This perspective never seems as clear as the view from the mountain because other things around us tend to blur our vision. You have to stand on your tippy-toes to see. Things and people are in our way.
Science finally has reaffirmed what archeologists have suspected for some time. That we all come from the same 98% . All humans across the face of this earth share 98% of the same genes, which means that every single culture shares the same genetic disposition towards intelligence, towards cultural development, towards community, towards family, towards everything. And, just because we develop differently, doesn’t mean that one is inferior to another. It means that how we live together is a matter of choice. And that’s a perspective from the mountain that we just don’t get.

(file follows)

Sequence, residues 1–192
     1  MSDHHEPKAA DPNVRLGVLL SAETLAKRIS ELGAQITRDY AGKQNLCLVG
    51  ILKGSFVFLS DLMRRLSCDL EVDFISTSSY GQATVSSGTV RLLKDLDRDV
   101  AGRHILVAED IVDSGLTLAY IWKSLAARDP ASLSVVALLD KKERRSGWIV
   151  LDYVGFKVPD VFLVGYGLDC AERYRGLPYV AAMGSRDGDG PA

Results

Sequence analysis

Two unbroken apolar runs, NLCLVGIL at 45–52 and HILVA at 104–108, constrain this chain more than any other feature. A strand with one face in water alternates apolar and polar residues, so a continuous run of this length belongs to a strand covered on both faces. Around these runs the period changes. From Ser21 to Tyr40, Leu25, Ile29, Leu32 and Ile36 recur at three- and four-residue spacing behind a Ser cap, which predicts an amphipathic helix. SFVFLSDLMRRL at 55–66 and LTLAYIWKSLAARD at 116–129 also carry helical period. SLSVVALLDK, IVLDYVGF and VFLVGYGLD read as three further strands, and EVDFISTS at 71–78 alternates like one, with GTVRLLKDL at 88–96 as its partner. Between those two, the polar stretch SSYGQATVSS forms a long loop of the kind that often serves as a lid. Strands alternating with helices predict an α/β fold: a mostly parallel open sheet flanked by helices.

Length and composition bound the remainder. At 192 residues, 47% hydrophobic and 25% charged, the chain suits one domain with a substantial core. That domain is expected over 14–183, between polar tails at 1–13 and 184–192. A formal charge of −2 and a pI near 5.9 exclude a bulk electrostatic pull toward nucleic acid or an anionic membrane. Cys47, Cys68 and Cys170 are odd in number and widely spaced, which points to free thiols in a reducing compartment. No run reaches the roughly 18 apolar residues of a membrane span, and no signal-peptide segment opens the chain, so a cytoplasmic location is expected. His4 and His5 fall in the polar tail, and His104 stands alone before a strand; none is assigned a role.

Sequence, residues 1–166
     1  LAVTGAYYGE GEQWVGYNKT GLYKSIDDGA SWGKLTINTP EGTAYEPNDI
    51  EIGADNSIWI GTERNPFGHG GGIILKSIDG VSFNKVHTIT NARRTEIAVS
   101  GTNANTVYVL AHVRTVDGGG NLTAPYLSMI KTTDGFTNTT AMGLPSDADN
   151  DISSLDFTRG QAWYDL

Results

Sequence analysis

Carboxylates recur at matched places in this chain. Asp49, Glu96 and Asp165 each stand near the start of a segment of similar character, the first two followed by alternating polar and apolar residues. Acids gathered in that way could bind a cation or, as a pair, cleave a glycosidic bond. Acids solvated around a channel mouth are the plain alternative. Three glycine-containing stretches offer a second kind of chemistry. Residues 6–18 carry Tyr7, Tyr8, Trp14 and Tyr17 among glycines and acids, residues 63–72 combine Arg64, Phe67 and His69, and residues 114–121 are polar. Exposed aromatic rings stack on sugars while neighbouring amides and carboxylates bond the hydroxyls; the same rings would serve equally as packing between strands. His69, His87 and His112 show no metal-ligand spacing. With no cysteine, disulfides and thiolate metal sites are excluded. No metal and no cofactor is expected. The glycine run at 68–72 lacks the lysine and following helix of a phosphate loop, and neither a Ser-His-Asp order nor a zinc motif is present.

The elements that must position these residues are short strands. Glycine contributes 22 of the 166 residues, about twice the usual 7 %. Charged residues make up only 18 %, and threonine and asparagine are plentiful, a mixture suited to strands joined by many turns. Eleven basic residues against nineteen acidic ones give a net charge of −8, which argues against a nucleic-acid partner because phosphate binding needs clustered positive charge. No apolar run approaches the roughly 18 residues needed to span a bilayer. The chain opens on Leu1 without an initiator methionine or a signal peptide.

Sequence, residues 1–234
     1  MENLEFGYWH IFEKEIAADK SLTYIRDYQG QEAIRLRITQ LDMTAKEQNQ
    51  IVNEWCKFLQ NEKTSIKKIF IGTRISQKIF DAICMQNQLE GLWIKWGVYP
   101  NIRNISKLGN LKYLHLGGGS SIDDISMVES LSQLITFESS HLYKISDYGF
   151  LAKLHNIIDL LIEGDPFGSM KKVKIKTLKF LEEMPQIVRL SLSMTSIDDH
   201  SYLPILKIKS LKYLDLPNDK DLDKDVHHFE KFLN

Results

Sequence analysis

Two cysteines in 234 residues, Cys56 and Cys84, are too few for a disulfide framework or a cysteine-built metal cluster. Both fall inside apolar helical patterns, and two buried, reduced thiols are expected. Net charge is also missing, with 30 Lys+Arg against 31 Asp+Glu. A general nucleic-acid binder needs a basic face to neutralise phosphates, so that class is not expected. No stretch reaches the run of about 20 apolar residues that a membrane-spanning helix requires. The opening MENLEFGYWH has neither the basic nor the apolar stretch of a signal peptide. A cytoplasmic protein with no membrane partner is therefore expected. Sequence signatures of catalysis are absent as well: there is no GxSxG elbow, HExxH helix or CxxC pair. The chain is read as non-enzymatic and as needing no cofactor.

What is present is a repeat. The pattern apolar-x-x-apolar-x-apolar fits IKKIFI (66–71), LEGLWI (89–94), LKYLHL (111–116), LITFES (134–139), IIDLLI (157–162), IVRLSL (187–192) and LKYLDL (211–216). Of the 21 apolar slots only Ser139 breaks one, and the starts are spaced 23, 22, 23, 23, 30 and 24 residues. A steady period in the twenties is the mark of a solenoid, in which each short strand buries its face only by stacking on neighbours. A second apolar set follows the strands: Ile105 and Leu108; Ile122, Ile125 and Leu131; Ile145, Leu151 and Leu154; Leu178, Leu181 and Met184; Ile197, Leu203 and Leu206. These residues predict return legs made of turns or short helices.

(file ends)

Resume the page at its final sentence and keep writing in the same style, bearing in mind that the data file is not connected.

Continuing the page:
We can’t understand why anyone would not want this spectacular view from the mountain! But when we walk down the mountain, we meet Mary Aqilriaq, an Intuit elder, who chooses to live in a tent on the only settlement on King William island; who chooses to live a nomadic life, and speak in a language which has no words for land ownership. No border walls protecting the possessions of some from the need of others.
It’s not that Mary is not wise, or doesn’t know. She chooses to live in respect and balance with the land, to believe that her quests upon Mother Earth are entitled to no more than it gives her. Elder Mary would wonder, as she looked upon the mountain we live upon, that we don’t see that this mountain is built upon resources that can not sustain itself. She would wonder why we make Mother Earth bleed, cutting off the hand that feeds us. And why we would build a culture upon a mountain that some just can not climb.
Level ground. It offers us a whole new opportunity to see things differently.